Feminist Perspective of the Role of Lady Madeline

Topics: Edgar Allan Poe, The Fall of the House of Usher, Short story Pages: 4 (1578 words) Published: January 14, 2013
From a feminist perspective, write an essay about the role of Lady Madeline in the story.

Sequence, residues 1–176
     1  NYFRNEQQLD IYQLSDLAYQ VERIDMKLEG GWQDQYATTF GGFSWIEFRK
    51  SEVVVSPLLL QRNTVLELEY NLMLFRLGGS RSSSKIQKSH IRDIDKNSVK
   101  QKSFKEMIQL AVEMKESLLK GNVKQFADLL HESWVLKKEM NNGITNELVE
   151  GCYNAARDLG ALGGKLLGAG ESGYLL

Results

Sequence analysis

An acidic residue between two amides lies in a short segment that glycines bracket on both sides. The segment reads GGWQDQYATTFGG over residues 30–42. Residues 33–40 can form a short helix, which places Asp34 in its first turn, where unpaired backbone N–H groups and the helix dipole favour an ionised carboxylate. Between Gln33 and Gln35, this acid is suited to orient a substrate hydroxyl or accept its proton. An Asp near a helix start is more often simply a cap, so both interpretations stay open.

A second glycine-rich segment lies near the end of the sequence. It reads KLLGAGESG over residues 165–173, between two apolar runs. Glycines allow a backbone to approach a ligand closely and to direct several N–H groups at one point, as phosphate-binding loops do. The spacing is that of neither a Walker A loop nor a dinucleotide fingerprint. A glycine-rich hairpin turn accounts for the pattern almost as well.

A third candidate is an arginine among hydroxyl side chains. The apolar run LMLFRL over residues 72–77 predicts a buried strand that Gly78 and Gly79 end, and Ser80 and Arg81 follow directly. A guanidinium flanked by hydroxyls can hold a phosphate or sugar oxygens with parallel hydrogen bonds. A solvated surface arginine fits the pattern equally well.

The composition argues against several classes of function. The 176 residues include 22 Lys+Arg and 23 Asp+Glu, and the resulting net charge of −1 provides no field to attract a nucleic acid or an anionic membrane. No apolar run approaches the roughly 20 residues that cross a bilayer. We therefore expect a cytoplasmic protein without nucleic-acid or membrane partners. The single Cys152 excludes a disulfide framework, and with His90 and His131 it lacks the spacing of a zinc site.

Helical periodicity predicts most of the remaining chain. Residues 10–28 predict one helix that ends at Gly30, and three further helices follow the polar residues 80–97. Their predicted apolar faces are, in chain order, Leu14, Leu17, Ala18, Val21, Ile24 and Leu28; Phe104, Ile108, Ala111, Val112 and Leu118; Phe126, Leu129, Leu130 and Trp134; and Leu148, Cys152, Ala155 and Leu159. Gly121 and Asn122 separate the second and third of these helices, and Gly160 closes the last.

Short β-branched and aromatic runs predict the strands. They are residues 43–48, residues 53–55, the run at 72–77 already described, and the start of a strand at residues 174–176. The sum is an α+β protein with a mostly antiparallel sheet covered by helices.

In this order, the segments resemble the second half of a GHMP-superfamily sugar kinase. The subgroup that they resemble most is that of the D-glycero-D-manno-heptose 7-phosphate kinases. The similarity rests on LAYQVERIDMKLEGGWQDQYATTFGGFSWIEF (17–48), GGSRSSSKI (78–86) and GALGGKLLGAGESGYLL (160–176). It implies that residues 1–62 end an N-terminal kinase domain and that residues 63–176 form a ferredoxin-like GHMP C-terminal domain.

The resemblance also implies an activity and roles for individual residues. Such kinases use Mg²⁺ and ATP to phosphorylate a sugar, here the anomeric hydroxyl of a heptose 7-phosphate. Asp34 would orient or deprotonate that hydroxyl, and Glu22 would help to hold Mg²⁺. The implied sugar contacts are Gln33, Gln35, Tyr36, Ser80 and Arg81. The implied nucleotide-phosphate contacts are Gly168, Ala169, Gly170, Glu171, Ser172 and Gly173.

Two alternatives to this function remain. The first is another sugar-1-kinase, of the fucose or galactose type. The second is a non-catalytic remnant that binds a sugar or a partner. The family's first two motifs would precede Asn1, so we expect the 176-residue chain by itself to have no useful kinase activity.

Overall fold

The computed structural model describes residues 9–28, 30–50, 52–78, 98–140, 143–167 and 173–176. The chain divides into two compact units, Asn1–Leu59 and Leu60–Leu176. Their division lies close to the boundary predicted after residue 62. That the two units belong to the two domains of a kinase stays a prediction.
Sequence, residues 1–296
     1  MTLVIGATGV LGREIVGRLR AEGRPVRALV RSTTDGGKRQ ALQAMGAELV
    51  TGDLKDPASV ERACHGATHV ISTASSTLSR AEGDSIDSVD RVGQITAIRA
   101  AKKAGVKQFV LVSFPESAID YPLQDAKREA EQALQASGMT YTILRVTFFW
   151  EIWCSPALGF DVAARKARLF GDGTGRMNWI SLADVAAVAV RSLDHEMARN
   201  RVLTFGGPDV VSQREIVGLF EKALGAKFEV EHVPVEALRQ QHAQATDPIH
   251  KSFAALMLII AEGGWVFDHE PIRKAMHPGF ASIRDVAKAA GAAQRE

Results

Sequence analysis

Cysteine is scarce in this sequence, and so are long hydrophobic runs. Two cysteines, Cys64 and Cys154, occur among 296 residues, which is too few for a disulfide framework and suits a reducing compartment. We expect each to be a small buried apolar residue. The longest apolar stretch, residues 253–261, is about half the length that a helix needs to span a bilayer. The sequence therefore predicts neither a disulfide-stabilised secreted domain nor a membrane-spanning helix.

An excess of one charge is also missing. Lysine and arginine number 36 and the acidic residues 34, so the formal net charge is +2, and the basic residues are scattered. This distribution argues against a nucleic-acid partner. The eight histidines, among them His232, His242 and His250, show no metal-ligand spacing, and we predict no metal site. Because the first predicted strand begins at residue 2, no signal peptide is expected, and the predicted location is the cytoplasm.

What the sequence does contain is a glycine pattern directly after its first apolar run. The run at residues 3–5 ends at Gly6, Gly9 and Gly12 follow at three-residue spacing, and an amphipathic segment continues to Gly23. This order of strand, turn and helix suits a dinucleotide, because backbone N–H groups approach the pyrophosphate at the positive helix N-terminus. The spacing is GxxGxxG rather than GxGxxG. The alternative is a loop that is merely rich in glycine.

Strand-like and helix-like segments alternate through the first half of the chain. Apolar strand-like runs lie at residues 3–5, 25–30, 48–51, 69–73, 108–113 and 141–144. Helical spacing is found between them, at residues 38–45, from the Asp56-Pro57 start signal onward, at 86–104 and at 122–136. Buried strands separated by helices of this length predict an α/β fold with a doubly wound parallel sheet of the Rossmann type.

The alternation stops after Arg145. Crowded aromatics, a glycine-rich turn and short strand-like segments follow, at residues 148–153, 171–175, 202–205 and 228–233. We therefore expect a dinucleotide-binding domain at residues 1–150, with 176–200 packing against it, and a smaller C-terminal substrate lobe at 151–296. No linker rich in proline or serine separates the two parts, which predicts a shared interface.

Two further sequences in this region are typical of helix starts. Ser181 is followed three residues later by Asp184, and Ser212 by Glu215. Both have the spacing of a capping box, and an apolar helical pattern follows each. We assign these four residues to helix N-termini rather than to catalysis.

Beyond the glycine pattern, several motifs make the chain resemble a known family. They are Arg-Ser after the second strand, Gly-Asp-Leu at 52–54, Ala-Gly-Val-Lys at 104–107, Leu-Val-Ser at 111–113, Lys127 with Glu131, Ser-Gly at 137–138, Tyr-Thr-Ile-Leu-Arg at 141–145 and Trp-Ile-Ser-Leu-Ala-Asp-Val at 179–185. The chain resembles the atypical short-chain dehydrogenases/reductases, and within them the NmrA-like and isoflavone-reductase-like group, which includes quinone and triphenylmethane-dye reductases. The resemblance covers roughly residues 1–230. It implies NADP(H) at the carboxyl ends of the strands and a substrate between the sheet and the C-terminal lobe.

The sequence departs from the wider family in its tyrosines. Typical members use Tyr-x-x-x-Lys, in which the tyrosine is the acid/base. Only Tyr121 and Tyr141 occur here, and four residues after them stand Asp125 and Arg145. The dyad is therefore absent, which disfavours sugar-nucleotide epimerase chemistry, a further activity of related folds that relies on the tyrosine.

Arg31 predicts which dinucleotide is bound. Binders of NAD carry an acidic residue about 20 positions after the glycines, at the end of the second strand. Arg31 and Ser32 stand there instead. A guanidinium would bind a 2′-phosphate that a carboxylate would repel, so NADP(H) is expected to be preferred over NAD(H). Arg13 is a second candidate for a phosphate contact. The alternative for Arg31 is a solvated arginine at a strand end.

“The Fall of the House of Usher (1939)”, arguably Edgar Allan Poe’s most famous short story, is a tale centered around the mysterious House of Usher and its equally indiscernible inhabitants. These subjects are plagued with physical and mental degradation – the Usher siblings suffer from various abnormal ailments and unexplained fears, while the house itself seems to be tethering on the edge of collapse. The gothic elements in the story are distributed generously, and the plot is increasingly ridden with the supernatural as it progresses. Lady Madeline, Roderick Usher’s twin sister, is a key element in the story. She suffers from a disease much like catalepsy, a disease that subjects her to seizures and insensitivity to various stimuli. Roderick himself, on the other hand, suffers from an “acuteness of the senses” and a strong belief that the house is somehow alive and conscious of its surroundings. Roderick has not parted from the house in years, and has instead elected to keep himself inside to pore over literature and art, rather than threaten his sanity by overwhelming his senses. The siblings are very similar, not only in their appearance, as they are twins, but in their problems as well. They are both suffering from similarly mysterious diseases, and are both aware of the underlying sexual tension in their relationship. Early in the story, the readers are made aware of the age-old Usher tradition that has kept the Usher family ‘pure’. In other words, incestuous relationships were the norm for them. However, by no means was Madeline and Roderick’s relationship condoned by the rest of society. This essay will examine the story from a feminist perspective, focusing on understanding the narrating styles of the male author, and the actions of the characters in the book. It will also look specifically at the ways that women have suffered from social conventions...
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